While the improbable nature of punctuated equilibrium speaks for itself, scientific studies have also cast doubt on the benefits it would confer. Separating a few members from a larger population results in inbreeding. This results in decreased reproductive ability, harmful genetic abnormalities, and so forth. In essence, the events that should be promoting “survival of the fittest” cripple the organisms instead.
Despite what some claim, punctuated equilibrium is not a more refined version of gradualism. They have very different assumptions about the mechanisms behind evolution and the way those mechanisms behave. Neither is a satisfactory explanation for how life came to be as diverse and balanced as it is, and yet there are no other reasonable options for how evolution can operate.
The second flaw is the problem of extending “microevolution” into “macroevolution.” Laboratory studies have shown that organisms are capable of adaptation. That is, living things have an ability to shift their biology to better fit their environment. However, those same studies have demonstrated that such changes can only go so far, and those organisms have not fundamentally changed. These small changes are called “microevolution.” Microevolution can result in some drastic changes, such as those found in dogs. All dogs are the same species, and one can see how much variation there is. But even the most aggressive breeding has never turned a dog into something else. There is a limit to how large, small, smart, or hairy a dog can become through breeding. Experimentally, there is no reason to suggest that a species can change beyond its own genetic limits and become something else.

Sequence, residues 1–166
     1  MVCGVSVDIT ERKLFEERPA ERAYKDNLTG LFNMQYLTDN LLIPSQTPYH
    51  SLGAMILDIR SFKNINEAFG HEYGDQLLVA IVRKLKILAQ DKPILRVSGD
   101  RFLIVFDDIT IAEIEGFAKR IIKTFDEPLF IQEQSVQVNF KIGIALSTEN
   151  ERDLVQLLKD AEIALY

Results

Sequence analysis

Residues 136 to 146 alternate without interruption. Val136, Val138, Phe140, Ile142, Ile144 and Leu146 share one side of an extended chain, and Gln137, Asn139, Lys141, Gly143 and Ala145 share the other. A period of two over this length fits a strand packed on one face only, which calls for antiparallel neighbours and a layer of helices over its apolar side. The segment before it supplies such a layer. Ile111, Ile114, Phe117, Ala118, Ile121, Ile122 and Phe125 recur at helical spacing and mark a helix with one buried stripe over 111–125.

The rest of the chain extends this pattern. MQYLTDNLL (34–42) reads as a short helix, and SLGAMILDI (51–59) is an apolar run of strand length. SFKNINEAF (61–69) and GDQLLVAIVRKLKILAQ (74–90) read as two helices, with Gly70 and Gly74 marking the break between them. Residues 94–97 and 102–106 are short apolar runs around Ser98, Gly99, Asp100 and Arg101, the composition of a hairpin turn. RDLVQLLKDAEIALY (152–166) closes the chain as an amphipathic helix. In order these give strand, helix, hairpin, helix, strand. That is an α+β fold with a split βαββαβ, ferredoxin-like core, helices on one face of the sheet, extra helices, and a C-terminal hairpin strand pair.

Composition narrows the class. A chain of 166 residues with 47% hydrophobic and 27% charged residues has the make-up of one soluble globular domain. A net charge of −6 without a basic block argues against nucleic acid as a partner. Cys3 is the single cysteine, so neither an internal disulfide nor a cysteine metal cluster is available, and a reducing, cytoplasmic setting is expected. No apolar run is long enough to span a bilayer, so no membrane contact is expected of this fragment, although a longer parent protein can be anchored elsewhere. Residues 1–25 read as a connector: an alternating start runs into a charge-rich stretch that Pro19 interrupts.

Long-term evolution, though, requires “macroevolution,” which refers to those large-scale changes. Microevolution turns a wolf into a Chihuahua or a Great Dane. Macroevolution would turn a fish into a cow or a duck. There is a massive difference in scale and effect between microevolution and macroevolution. This flaw in the theory of evolution is that experimentation does not support the ability of many small changes to transform one species into another.
Finally, there is the flawed application of evolution. This is not a flaw in the scientific theory, of course, but an error in the way the theory has been abused for non-scientific purposes. There are still many, many questions about biological life that evolution has not answered. And yet, there are those who try to transform the theory from a biological explanation into a metaphysical one. Every time a person claims that the theory of evolution disproves religion, spirituality, or God, they are taking the theory outside of its own limits. Fairly or not, the theory of evolution has been hijacked as an anti-religious mascot by those with an axe to grind against God.
Overall, there are many solidly scientific reasons to question the theory of evolution. These flaws may be resolved by science, or they may eventually kill the theory all together. We don’t know which one will happen, but we do know this: the theory of evolution is far from settled, and rational people can question it scientifically.
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Battle for the Beginning: Creation, Evolution, and the Bible by John MacArthur.